Something of the exhaustion eases from Viggo's features at the flash of Laurent's dark eyes, his head shaking sharply. "No, Ser. I would have you and proudly. You first and any otherwise who would join me." He dips his head with something like gracious thanks, not stumbling over his words with flawed poetry but simple but gracious. "And you would have my thanks most of all."

Laurent seems put at his ease by the gesture, nodding. He doesn't give it a voice, but his face makes his gratitude clear. "I'll make ready to ride as soon as we're back in Oldtown," he says, brow furrowing as he thinks. "I should be able to bring a handful of men to your banner, perhaps more. Depends on my cousin," he says, the first hint of optimism in his voice. He has a deep and obvious confidence in Garvin. "And if there is aught else you would have me do, you need only ask. Though the Father knows I'm good for little enough," he adds the last with a snort that just might be laughter.

The gratitude found is a little surprising, perhaps, but Viggo sees it with grace and another nod of his head. His hat and the trees drawing deep shadows on his already hunted features. "If your cousin will not, well…" Well… He pauses a minute, gritting his teeth thoughtfully. "I will speak to Lord Hightower himself and damn his steward." He snorts himself. "Farther knows none of us are. Warrior need only favor our blades."

"Stranger take the Hightowers," Laurent says casually, "We've little enough need of them. Garvin will send men, and he'll have sent a raven to Lord Tyrell by now. Probably had word back, even. Tyrells, Cockshaws," he says, his tone suddenly bellicose, "One devil of an Oakheart. The Hightowers are jumped-up prigs, as far as I've seen. Let them have their tower — don't go to them, I say. If they want to avenge their kinsman, let them come to you."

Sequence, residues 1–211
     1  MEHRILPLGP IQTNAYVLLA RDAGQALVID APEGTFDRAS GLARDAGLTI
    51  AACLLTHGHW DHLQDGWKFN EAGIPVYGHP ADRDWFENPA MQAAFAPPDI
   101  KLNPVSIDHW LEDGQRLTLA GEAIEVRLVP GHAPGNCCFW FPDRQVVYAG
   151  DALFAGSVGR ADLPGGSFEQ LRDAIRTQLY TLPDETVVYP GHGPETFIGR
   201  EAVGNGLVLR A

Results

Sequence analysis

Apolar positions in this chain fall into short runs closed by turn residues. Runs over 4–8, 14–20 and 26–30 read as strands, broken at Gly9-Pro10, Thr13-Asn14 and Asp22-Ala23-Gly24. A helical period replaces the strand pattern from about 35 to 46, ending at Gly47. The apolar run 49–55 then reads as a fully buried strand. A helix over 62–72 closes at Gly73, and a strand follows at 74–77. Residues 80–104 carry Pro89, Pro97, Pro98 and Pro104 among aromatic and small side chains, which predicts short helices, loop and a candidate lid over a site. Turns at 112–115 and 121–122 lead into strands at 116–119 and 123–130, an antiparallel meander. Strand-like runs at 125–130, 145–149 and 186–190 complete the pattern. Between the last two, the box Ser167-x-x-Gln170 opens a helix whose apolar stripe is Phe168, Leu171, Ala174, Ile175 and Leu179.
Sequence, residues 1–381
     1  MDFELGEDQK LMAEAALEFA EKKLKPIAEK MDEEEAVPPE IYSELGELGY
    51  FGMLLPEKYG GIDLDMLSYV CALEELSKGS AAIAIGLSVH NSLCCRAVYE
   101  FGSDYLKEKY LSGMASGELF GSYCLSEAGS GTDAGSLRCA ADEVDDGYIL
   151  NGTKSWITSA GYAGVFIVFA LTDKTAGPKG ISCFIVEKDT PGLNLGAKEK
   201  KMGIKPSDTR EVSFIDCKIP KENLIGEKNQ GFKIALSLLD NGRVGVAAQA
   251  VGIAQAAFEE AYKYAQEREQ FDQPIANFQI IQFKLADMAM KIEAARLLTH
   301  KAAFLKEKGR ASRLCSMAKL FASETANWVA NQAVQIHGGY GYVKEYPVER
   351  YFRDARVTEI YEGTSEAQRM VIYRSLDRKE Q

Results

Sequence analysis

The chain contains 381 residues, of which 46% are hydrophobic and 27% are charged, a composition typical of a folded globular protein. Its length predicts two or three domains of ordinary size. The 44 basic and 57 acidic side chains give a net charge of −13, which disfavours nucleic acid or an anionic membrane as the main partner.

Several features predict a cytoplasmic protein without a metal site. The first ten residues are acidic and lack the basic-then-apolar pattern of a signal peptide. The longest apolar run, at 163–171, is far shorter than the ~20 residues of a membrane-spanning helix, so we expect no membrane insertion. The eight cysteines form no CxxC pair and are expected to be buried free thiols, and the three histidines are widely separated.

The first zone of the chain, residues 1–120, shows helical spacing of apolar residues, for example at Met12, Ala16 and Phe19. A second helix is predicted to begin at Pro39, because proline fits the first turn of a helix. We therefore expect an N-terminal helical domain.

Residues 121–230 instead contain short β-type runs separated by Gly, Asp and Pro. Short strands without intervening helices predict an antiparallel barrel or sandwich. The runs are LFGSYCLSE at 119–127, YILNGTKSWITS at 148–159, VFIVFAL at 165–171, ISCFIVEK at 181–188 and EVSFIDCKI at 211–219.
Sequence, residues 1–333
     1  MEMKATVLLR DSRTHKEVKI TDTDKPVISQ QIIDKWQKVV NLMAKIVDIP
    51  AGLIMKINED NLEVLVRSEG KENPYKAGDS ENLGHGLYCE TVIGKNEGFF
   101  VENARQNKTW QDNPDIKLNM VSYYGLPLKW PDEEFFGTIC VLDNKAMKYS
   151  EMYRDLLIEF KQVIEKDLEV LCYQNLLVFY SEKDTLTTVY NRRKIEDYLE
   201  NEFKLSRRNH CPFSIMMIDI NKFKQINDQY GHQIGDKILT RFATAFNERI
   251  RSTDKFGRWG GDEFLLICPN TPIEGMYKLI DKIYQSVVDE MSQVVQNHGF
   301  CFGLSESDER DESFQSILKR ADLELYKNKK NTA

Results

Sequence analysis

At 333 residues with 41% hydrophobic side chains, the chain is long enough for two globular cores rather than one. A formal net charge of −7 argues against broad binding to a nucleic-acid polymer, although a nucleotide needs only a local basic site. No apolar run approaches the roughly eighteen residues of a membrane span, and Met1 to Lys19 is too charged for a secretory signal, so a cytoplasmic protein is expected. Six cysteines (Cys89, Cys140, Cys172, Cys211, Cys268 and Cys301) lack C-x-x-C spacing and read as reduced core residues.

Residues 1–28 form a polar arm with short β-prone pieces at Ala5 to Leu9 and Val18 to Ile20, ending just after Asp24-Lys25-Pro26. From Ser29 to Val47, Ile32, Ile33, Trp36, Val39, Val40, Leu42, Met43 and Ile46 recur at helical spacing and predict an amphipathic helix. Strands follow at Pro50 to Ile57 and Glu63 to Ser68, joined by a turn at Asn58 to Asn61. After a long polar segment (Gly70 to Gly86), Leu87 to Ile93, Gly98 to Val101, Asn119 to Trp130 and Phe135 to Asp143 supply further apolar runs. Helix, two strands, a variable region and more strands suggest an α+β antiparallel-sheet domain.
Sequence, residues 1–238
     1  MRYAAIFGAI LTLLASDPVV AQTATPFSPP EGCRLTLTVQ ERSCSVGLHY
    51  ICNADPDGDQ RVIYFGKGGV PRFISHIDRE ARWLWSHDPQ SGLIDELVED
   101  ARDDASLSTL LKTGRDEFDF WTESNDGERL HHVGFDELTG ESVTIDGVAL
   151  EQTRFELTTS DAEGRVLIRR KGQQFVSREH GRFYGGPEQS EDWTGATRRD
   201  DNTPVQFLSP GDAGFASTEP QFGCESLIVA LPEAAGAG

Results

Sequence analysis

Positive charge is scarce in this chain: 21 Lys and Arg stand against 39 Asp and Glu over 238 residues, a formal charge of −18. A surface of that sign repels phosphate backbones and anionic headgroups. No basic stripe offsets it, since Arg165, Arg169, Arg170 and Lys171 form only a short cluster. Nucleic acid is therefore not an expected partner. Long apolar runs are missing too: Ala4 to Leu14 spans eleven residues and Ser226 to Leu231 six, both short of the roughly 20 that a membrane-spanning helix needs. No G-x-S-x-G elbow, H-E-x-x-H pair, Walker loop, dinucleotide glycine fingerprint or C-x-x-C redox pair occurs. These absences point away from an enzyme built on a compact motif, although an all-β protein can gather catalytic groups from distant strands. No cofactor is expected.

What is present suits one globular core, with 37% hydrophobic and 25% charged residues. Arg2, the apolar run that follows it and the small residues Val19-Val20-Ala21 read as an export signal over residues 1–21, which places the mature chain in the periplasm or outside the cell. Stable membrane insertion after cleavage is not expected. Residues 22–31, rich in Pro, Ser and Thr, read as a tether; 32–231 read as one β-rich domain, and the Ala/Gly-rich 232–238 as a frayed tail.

"Perhaps even Florents," Viggo notes, nodding his chin towards Abram amid the bunch. "He offered me his blade. Be it one more to our number. Ever loyal under the Tyrell banner." He laughs, bitterly. "I would be tempted, but my father bid and I will not disobey. Besides… every family deserves to hear the terms of theri child's death if nothing else. Just a boy and a squire yet." His gaze flit towards his own, jaw setting. "Aye."

"I'm sure you have the right of it," Laurent says skeptically. "Sticks in my craw, is all. What I've seen of them I don't care for. Could be as Lord Ormund will prove a better sort though," he adds at the end, with no real optimism in his voice. His eyes follow Viggo's toward his Kevyn, and from there to his own squire, Willem. Glumly, he says, "Thought my own squire was going to die, some time ago. A cough seized him, and there was blood." Still sullen, he adds the obvious. "But he lived."